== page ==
One of the many criticisms the EACOP has received is in regard with how environmental concerns will be handled. The Bill recognises the need for environmental restoration at the end of the pipeline activities by setting out a decommissioning regime to ensure this is done thoroughly as well as making provision for how the funds required to decommission the pipeline will be kept.
The PFM (Amendment) Bill 2021
The Public Finance Management (Amendment) Act 2021 on the other hand seeks to ensure that the UNOC as Government of Uganda’s nominated state participant for oil activities across the upstream and midstream sectors of the value chain can meet the related obligations. The PFMA amendment therefore seeks to allow UNOC to have access to the proceeds from the sale of interest from the crude oil due to it to meet its various financial obligations in relation to its participation in the upstream and midstream projects. These include obligations in the Production Sharing Agreements, the Joint Operating Agreements, the Host Government Agreement and the Tariff and Transportation Agreement among others.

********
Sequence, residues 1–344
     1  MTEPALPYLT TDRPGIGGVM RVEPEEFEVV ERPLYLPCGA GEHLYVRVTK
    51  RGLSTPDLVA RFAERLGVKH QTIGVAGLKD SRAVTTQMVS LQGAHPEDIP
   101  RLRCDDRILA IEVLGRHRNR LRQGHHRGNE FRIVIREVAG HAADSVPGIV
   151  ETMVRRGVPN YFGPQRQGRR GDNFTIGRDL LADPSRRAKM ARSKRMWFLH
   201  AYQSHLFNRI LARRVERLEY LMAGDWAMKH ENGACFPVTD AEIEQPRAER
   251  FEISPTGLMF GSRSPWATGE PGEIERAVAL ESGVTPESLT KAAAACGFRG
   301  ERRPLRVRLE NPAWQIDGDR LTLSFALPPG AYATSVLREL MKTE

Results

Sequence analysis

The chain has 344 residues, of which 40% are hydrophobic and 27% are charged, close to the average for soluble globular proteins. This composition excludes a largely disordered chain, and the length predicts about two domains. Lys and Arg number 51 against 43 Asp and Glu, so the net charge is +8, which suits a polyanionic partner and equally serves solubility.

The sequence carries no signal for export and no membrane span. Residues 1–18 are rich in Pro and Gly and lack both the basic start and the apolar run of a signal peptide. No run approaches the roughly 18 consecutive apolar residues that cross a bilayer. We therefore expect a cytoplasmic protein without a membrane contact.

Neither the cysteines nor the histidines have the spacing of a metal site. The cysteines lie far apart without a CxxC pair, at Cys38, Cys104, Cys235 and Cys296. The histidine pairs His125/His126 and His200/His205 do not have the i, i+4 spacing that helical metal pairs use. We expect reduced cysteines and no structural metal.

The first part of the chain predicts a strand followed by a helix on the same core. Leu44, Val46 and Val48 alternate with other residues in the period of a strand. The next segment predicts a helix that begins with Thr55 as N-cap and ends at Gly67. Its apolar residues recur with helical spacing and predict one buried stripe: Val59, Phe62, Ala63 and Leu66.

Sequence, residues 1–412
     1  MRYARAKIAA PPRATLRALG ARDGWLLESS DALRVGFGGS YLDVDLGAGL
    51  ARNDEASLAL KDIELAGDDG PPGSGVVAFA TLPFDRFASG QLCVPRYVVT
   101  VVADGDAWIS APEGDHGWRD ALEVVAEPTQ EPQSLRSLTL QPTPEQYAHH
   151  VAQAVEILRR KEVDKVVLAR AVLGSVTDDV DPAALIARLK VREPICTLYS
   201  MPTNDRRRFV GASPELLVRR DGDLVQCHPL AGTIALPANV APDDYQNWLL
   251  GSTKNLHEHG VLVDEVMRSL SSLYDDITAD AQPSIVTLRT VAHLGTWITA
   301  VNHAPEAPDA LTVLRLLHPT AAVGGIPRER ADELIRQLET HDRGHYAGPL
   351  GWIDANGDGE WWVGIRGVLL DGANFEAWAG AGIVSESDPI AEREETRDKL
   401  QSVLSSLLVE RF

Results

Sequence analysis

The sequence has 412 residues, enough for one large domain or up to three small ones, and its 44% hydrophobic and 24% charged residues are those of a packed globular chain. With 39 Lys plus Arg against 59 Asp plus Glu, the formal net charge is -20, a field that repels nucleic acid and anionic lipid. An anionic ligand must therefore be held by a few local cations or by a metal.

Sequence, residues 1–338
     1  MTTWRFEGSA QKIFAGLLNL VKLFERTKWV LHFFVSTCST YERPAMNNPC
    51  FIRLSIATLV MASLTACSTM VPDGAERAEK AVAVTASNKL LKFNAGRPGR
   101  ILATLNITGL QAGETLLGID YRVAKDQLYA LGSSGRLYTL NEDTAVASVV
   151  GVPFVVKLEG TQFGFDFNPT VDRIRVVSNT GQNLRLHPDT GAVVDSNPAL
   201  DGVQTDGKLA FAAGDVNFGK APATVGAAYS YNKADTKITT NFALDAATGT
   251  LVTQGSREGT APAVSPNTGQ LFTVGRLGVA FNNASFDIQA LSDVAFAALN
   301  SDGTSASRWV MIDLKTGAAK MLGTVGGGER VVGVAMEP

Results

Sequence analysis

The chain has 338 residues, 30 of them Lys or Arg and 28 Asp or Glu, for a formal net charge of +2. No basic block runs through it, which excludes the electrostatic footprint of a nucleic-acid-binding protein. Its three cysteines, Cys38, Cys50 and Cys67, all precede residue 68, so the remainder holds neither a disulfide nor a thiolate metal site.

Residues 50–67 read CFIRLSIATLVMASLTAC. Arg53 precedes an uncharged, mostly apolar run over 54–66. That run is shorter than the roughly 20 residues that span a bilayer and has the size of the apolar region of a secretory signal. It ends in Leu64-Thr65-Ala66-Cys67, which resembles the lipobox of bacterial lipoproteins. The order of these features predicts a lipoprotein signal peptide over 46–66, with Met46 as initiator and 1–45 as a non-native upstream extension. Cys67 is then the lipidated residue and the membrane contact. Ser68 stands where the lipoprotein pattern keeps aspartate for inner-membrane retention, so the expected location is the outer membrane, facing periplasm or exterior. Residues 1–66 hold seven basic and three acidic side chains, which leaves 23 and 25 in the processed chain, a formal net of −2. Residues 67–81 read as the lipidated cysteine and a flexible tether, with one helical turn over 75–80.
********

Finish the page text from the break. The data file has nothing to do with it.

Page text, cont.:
The passing of this enabling legislation will therefore ensure the lawful implementation of the EACOP project in Uganda, give re-assurance to the investors of government’s commitment to fulfil its obligations under the HGA, and give confidence to the Government of the United Republic of Tanzania of Uganda’s commitment to the project. The Bill once passed will most importantly unlock the Uganda oil industry with a projected investment of US $ 10-15 Billion over five years.
The enabling legislation will also ensure alignment of the work schedule between the Upstream (Tilenga and Kingfisher projects) and Midstream (EACOP project) to spur Uganda’s oil and gas industry. This will, in turn, facilitate the achievement of the First Oil target of 2025.
Ali Ssekatawa is the Director, Legal and Corporate Affairs, Petroleum Authority of Uganda. Email: firstname.lastname@example.org